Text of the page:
THE HOUSE DISTRICT Committee has delayed hearings on the city's plans to enter the bond market. Congressmen say they want first to hear how Mayor Barry plans to deal with the estimated $60 million deficit the city may run this year -- on top of the $400 million deficit remaining from past years. The delay is well advised.
The tackle the new deficit the mayor intends to limit city spending for the rest of this year. But past experience prompts a certain skepticism that this alone will do the trick. More than half the city's total debt, after all, was incurred under Mayor Barry 's leadership -- $99.2 million is fiscal 1979, $105 million in 1980. He now concedes that at the start of this fiscal year, last Oct. 1, he knew there was a potential deficit on the horizon, but he ignored it. At the same time, the mayor was proposing to get into the bond market.
The mayor would use bond money -- $184 million of it -- to pay off a major portion of the city's past debt. "Past debt" evidently includes the $200 million-plus accumulated while he -- not Walter Washington, not the federal government -- was running the District of Columbia. So the question of resolving "past debt" is necessarily linked to the question of how to deal with current debt.
For the current $60 million, the mayor must immediately cut programs and lay off workers, as he says he intends to do. In respect to past debts, however, he needs to think some more. In principle, it is bad for a city to make its first venture into the bond market an effort to get money to pay off old debts. fIdeally, the city should have its finances balanced before approaching the bond market. In any event, the District's city charter prohibits the city from selling bonds to meet old debts. It allows bond sales only to finance capital projects. The reason the mayor has gone to Congress on the bond issue is that he needs its approval to change the city charter to sell bonds to finance a deficit.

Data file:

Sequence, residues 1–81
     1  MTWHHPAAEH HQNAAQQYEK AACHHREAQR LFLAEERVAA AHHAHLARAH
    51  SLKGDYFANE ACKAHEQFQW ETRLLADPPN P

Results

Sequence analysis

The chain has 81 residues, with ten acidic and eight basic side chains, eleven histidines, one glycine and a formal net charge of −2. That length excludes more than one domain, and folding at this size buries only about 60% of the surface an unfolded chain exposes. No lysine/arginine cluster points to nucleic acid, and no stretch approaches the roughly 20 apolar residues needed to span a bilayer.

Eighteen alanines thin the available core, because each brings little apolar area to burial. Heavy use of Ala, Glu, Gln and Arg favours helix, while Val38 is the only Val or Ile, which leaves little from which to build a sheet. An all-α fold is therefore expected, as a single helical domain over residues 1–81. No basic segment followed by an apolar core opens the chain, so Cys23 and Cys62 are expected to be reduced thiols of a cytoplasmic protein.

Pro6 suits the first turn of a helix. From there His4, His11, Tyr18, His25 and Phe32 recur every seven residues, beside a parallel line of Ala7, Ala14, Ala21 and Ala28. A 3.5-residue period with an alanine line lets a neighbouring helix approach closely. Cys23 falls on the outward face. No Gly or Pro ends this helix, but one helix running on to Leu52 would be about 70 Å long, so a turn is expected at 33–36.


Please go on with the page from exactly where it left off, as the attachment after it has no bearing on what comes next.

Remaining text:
Selling bonds to finance the deficit has a further unsavory aspect. It would saddle the city with bonds at the current high interest rates at a time when national policy is aimed at bringing those rates down.
The city needs another debt strategy. One possibility for getting the $184 million that would have come from bonds is a combination of austerity -- layoffs and programs cuts -- plus short-term lonas to cover cash-flow problems. lThe extent and manner of budget cutting that can be done without damaging the city excessively will have to be worked out carefully by the city council and the mayor. Any plan prepared to limit city spending, moreover, must go beyond the immediate need to pare $60 million from the budget this year, and must touch future spending projections as well.